Ben Garvin, the award-winning Twin Cities photographer, said he was fired from KARE after a company car was stolen off the street in front of his house.
Garvin, who was previously named journalist of the year by the Minnesota Society of Professional Journalists and photographer of the year by the Minnesota Press Photographers Association, shared the news Tuesday on Facebook. He confirmed the dismissal in a separate e-mail to the Star Tribune.
In his posting, Garvin wrote that he had been keeping a KARE vehicle at his residence in south Minneapolis while he worked from home during the pandemic. Sometime before Christmas, the car was stolen. There was no camera gear inside, but some lights and tripods were in the trunk. Garvin admits he left the car unlocked and likely tossed the keys in the trunk.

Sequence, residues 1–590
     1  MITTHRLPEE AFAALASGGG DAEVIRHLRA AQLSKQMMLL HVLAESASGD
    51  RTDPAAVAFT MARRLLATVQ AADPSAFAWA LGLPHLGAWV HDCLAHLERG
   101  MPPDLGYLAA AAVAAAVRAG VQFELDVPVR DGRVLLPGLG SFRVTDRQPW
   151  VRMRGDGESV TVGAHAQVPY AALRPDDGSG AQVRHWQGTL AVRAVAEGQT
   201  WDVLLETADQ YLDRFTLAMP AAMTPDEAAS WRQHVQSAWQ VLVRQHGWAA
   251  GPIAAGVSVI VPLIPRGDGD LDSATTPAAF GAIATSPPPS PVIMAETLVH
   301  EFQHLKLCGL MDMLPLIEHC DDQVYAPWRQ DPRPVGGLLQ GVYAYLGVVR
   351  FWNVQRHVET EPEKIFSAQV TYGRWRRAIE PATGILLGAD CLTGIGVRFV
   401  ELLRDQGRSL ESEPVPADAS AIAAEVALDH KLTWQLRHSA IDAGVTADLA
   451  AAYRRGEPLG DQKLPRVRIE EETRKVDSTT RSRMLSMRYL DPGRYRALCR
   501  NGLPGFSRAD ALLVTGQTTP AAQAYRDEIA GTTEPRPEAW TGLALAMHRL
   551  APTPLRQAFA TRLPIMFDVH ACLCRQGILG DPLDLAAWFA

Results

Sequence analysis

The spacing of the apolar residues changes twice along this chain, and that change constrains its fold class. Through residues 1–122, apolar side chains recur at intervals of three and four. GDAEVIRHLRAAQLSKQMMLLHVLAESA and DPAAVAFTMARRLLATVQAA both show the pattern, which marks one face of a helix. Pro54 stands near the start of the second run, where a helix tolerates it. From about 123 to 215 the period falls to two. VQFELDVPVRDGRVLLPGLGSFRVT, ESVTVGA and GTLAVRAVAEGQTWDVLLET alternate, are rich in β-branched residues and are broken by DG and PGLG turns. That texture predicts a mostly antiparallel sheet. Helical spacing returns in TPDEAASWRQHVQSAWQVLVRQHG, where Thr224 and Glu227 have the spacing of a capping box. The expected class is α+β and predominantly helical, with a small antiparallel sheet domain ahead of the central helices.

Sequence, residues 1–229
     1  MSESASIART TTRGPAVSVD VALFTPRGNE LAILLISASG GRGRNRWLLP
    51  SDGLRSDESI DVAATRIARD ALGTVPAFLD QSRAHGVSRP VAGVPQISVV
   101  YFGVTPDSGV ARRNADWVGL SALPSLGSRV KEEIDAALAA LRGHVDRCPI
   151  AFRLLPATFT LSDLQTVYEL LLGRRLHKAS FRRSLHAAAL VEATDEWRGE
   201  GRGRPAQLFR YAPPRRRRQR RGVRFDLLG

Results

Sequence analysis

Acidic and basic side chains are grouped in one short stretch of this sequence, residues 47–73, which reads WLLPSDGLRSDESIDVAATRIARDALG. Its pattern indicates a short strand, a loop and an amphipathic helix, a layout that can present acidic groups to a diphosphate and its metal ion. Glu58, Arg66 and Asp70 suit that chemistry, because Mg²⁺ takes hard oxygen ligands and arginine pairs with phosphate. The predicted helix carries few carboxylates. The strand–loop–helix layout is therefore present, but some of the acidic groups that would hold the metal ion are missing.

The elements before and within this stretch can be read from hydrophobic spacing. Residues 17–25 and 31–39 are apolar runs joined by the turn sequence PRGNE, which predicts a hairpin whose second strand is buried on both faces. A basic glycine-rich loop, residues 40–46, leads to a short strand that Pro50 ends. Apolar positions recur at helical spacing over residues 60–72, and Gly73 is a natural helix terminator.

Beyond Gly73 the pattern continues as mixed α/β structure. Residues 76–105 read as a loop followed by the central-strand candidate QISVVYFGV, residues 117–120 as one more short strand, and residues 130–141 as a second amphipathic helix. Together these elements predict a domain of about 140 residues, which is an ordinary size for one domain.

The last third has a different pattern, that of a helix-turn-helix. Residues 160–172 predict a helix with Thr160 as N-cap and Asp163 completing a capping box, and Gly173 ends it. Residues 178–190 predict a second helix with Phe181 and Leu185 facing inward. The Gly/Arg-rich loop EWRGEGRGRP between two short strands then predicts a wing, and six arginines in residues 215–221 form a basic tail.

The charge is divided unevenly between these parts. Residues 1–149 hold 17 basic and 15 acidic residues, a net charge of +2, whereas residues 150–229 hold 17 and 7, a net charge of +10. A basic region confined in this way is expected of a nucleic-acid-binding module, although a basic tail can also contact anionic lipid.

He said he was fired the next day. According to Garvin, the car has since been recovered.
Garvin said he had previously been written up by the station for "more minor issues related to equipment and a social media post."
Before joining KARE five years ago, Garvin worked at the Pioneer Press. He recently released the critically acclaimed documentary, "Love Them First: Lessons From Lucy Laney Elementary," which he codirected with KARE reporter Lindsey Seavert.
In his posting, he thanked Seavert, as well as reporter Boyd Huppert, anchor Jana Shortal and former news director Jane Helmke.
KARE news director Stacey Nogy said Tuesday that the station doesn't comment on personnel issues.
Garvin said the firing was "a bummer," especially right before Christmas, but he put a positive spin on his situation.
"I've long felt like it was time to move forward and start something new," he wrote. "It's hard to leave a good job and I no doubt would've taken way too long to make that leap on my own. So I'm choosing to see this moment as a step forward. A scary anxiety-producing step, but a step."
KARE anchor Randy Shaver was among the high-profile names wishing their former colleague well on Facebook.
"What an honor is was to work with you at KARE," Shaver wrote. "You made us better."